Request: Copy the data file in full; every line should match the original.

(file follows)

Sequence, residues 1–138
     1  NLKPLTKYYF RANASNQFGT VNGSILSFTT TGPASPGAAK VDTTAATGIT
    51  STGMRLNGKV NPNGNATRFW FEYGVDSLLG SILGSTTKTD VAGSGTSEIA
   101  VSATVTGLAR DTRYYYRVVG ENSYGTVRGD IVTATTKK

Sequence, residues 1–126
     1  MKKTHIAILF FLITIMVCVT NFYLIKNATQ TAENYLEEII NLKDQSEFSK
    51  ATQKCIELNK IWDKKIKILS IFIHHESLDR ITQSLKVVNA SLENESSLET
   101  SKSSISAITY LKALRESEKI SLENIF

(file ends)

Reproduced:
Sequence, residues 1–138
     1  NLKPLTKYYF RANASNQFGT VNGSILSFTT TGPASPGAAK VDTTAATGIT
    51  STGMRLNGKV NPNGNATRFW FEYGVDSLLG SILGSTTKTD VAGSGTSEIA
   101  VSATVTGLAR DTRYYYRVVG ENSYGTVRGD IVTATTKK

Sequence, residues 1–126
     1  MKKTHIAILF FLITIMVCVT NFYLIKNATQ TAENYLEEII NLKDQSEFSK
    51  ATQKCIELNK IWDKKIKILS IFIHHESLDR ITQSLKVVNA SLENESSLET
   101  SKSSISAITY LKALRESEKI SLENIF